Knuckle cracking may be annoying, but researchers did not understand how the sharp cracking sound was produced by the practice until now. This new study shows what most medical professionals thought about the practice is wrong.
Magnetic resonance imaging (MRI) scans were used to observe bones and other structures in the hand as a volunteer's knuckles were cracked. Researchers found a cavity, filled with gas, is formed as stress is applied to knuckles. This deposit is formed within the synovial fluid, which serves to cushion joints.
"It's a little bit like forming a vacuum. As the joint surfaces suddenly separate, there is no more fluid available to fill the increasing joint volume, so a cavity is created and that event is what's associated with the sound," Gregory Kawchuk from University of Alberta said.
The study involved the participant placing individual fingers inside a tube, connected to a cable. As the wire was pulled, the knuckles cracked, while the MRI recorded actions occurring within the digit. Strange white flashes were also seen in the MRI images just prior to the familiar crack. This was the first time ever that this effect was seen by medical researchers. Investigators believe this energy may result from water being drawn close together in the joint just prior to the sound.
"We call it the 'pull my finger study' — and actually pulled on someone's finger and filmed what happens in the MRI. When you do that, you can actually see very clearly what is happening inside the joints," Kawchuk said.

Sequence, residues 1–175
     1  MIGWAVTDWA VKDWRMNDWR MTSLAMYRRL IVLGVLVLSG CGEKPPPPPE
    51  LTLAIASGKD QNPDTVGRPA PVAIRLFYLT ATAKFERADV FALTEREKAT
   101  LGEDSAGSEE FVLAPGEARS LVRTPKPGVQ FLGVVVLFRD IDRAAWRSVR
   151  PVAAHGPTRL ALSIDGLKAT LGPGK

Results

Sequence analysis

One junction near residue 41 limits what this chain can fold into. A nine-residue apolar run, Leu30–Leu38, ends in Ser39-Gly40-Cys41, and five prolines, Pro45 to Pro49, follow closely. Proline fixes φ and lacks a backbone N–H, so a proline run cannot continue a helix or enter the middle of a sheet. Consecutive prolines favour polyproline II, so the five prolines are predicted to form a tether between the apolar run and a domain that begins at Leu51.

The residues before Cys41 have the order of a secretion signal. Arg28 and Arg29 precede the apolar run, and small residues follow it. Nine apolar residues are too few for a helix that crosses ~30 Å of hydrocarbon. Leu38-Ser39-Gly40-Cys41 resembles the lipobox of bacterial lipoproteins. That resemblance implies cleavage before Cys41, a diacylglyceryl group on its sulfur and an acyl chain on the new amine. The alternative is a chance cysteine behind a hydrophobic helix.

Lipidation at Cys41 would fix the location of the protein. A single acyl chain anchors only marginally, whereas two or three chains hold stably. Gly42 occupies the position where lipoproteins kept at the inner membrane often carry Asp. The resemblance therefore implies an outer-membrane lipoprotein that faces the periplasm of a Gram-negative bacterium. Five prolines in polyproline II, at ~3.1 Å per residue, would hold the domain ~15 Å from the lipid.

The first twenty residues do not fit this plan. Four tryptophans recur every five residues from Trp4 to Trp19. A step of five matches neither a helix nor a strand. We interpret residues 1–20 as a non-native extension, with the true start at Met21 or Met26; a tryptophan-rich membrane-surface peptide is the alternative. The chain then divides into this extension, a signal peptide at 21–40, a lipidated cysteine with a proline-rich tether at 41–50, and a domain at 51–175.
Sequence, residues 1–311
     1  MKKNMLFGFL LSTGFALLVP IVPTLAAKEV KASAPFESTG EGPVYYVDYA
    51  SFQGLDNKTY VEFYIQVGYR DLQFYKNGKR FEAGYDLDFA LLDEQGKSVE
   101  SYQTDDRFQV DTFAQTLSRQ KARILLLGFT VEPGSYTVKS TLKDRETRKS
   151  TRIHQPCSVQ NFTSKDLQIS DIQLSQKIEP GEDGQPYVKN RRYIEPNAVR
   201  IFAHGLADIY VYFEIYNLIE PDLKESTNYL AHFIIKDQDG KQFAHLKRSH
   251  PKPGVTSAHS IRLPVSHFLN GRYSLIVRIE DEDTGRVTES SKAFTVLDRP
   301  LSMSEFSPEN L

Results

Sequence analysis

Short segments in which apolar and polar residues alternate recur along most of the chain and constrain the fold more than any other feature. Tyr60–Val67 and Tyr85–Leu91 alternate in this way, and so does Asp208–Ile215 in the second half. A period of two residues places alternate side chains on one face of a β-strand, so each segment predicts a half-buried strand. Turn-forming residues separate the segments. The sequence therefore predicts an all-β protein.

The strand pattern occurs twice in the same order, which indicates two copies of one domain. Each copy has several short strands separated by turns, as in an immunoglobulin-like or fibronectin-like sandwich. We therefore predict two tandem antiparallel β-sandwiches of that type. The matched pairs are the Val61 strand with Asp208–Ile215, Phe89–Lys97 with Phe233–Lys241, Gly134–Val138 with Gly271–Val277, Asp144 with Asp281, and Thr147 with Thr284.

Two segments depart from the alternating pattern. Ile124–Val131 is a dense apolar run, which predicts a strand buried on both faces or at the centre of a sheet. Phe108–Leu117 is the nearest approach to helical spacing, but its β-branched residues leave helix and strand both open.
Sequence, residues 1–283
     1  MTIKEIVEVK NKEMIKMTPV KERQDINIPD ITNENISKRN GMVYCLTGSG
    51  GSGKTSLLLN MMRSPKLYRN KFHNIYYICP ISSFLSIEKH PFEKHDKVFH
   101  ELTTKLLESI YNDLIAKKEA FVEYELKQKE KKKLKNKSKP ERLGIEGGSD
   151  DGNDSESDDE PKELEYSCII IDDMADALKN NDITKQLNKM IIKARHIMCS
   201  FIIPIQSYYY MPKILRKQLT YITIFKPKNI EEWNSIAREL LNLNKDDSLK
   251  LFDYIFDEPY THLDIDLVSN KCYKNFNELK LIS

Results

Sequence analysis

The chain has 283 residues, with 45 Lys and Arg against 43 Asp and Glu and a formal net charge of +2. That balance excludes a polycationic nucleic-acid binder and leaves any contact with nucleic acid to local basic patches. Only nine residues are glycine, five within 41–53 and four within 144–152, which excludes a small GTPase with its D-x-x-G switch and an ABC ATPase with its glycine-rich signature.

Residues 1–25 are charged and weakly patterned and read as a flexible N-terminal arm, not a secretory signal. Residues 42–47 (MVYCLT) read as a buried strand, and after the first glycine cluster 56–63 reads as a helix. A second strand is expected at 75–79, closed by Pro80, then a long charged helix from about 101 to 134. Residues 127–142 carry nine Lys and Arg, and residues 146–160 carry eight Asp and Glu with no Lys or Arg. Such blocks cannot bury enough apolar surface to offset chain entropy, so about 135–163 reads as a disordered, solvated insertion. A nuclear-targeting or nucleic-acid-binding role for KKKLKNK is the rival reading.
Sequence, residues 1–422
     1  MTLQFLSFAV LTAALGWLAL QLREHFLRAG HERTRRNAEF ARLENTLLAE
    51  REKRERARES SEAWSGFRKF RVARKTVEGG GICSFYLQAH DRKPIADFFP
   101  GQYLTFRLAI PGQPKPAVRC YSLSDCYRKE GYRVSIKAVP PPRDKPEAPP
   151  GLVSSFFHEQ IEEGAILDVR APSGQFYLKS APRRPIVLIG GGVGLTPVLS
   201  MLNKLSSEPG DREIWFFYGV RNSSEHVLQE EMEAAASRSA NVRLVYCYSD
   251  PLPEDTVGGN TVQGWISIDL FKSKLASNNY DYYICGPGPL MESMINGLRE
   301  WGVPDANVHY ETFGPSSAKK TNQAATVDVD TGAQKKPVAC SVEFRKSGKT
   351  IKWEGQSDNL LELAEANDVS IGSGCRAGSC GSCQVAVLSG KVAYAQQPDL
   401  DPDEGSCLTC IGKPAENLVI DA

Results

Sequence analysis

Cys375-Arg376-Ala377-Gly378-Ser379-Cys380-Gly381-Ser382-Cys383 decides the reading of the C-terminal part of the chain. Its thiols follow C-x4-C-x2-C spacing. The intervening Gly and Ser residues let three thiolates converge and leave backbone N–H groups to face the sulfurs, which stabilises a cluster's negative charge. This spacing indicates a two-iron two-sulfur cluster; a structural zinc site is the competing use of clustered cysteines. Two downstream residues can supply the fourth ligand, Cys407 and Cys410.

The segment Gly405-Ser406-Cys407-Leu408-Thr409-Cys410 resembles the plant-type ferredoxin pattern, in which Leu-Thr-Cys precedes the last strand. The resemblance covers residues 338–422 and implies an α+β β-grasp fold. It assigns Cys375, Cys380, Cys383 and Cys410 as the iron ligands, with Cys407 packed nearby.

Previous research suggested that the cracking sound associated with the practice was caused by the popping of gas bubbles in finger joints. This new study contradicts that idea, revealing it is the creation of gas pockets that drives the sound. Gas was once thought to be present in multiple bubbles just before release, but this new research shows just a single crescent-shaped bubble within joints. Each crack took just 310 milliseconds (less than a third of a second) to complete.
Future research on the phenomenon could utilize MRI equipment with more advanced capabilities that will allow investigators to record what happens in a joint after cracking. This study could help determine if the practice of knuckle-cracking is healthy for hands or if such activity could be dangerous to the well-being of hands and fingers.
Many people believe that knuckle-cracking can lead to a host of health problems, including arthritis. However, most health professionals believe that occasional cracking of joints is harmless. Debate still continues over the long-term effects of the practice.
Investigation of the underlying causes behind the familiar sound of cracking knuckles was detailed in the journal PLOS One.